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A few months back the Cohen Film Collection gave us a marvelous Blu-ray of Douglas Fairbanks' silent The Thief of Bagdad, and now they have followed it up with a true rarity from 1933. Long sought as a missing-in-action title, Perfect Understanding is a light romance starring and produced by Gloria Swanson just as her early career was coming to a close. Billy Wilder's Sunset Blvd. promoted the notion that Ms. Swanson was some kind of fossil from a by-gone age, even though at the time she played Norma Desmond she was only fifty years old. Perfect Understanding has another big must-see angle for star-crazy film fans: Swanson's romantic partner in the film is none other than Laurence Olivier. Casual American viewers probably haven't seen many Olivier films prior to Wuthering Heights but the much-admired actor had been grinding away before the cameras since 1931. Olivier has gone on record as wishing his career prior to the William Wyler classic could be wiped away -- he judged his early film acting to be awful, unwatchable.
Story credit here goes to the prolific writer Miles Malleson, who was better known as an eccentric character actor. American socialite Judy Rogers (Gloria Swanson) and local lad Nicholas Randall (Laurence Olivier) are favored guests in a smart set of wealthy Englanders. They're deeply in love but Judy frets over the commitment represented by marriage. Their wedded friends George and Kitty Drayton (Michael Farmer & Genevieve Tobin) aren't always happy, and Lady Stephanie and Sir John Fitzmaurice (Nora Swinburne & Charles Collum) don't get along at all. Judy and Nick draft a handwritten contract requiring them both to remain 'individuals' even after marriage. Their continental honeymoon is a delight, but jealousy and suspicion soon cause problems. The straying Stephanie seduces Nick at Cannes, and Nick becomes convinced that Judy has spent the night with their personal friend Ivan Ronnson (John Halliday). When Judy becomes pregnant Nick leaps to false conclusions. What was supposed to be the perfect marriage of two beautiful people ends up in divorce court.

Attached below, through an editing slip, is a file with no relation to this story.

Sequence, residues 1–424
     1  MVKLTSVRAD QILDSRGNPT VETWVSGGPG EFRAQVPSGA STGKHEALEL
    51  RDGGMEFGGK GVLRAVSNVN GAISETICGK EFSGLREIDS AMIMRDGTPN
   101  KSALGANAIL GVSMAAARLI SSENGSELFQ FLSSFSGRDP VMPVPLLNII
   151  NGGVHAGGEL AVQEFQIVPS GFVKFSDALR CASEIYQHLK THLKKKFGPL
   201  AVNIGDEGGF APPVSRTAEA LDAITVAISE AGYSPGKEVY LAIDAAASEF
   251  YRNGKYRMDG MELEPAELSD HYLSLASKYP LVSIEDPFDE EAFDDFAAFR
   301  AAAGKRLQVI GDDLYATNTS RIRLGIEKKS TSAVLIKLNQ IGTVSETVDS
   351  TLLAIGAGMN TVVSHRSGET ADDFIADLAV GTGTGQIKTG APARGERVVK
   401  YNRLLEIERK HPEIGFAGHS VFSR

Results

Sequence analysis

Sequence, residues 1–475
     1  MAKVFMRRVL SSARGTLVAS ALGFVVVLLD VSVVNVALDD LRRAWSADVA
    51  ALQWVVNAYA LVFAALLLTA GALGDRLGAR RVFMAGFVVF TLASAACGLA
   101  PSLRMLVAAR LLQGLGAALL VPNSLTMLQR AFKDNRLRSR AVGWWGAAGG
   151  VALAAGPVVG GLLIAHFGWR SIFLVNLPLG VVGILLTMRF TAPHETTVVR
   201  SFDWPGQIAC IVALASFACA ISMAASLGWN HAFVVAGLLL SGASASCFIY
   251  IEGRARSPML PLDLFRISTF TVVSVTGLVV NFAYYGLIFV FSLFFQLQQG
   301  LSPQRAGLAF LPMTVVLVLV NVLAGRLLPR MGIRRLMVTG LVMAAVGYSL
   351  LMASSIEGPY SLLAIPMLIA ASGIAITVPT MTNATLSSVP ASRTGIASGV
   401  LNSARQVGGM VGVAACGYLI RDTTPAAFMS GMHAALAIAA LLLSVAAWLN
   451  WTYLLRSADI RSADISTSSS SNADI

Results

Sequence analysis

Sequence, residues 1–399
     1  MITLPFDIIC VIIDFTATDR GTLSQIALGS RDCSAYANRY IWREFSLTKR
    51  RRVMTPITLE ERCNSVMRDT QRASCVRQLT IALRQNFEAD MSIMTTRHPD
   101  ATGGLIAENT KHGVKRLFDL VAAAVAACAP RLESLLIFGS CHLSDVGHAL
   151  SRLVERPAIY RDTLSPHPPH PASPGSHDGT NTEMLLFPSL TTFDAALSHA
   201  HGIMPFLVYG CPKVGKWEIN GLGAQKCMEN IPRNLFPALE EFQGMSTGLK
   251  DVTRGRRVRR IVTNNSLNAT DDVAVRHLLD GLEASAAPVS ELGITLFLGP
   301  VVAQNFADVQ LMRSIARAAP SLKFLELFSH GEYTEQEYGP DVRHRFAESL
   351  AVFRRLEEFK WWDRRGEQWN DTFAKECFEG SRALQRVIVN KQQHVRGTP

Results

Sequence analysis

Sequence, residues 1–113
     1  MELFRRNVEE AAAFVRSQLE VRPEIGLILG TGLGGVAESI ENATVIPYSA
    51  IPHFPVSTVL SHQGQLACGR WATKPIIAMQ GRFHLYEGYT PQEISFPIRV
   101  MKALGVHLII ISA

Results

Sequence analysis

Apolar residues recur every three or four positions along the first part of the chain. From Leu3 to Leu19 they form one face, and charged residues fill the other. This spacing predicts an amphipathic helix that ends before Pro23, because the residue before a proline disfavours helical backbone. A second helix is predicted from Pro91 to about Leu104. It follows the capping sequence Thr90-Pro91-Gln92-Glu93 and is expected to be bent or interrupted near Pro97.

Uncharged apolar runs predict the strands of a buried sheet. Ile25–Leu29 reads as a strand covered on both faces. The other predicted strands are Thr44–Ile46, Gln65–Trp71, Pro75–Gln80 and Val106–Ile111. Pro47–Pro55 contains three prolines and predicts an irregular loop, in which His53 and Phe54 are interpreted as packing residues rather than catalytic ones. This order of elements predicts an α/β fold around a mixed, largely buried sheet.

A desire to observe legends Gloria Swanson and Laurence Olivier at opposite career ends is an aid to enjoying Perfect Understanding, as the movie itself is a taxing trifle, a much-ado-about-nothing tale of love and marriage among people so indolent, they have to invent new problems for themselves. The marriage crisis is the same one examined in the Hollywood pictures Illicit, its remake Ex-Lady and Noël Coward & Ernst Lubitch's Design for Living. All deal with 'modern sophisticates' that distrust conventional marriage vows and yearn instead for a more flexible way of managing a long-term relationship. Only the Lubitsch picture really thinks that its lovers Miriam Hopkins, Gary Cooper and Fredrick March could have a permanent three-way living relationship, and it's a more than slightly daffy comedy.
Perfect Understanding takes itself absolutely seriously. No real conflict develops between the lovers, only a series of misunderstandings. Fancy social gatherings exist to allow people to sneak out to the garden together, so that innocent conversations can be misconstrued as forbidden lovemaking. The foolish Nick apparently sleeps with Stephanie, who wants to ditch her noble husband and shack up with the young rake. Her feelings are understandable because every other Englishman in the show is a dunderheaded grump (her husband), a mindless glad-hander (Kitty's husband George) or a brooding predator (Ivan Ronnson).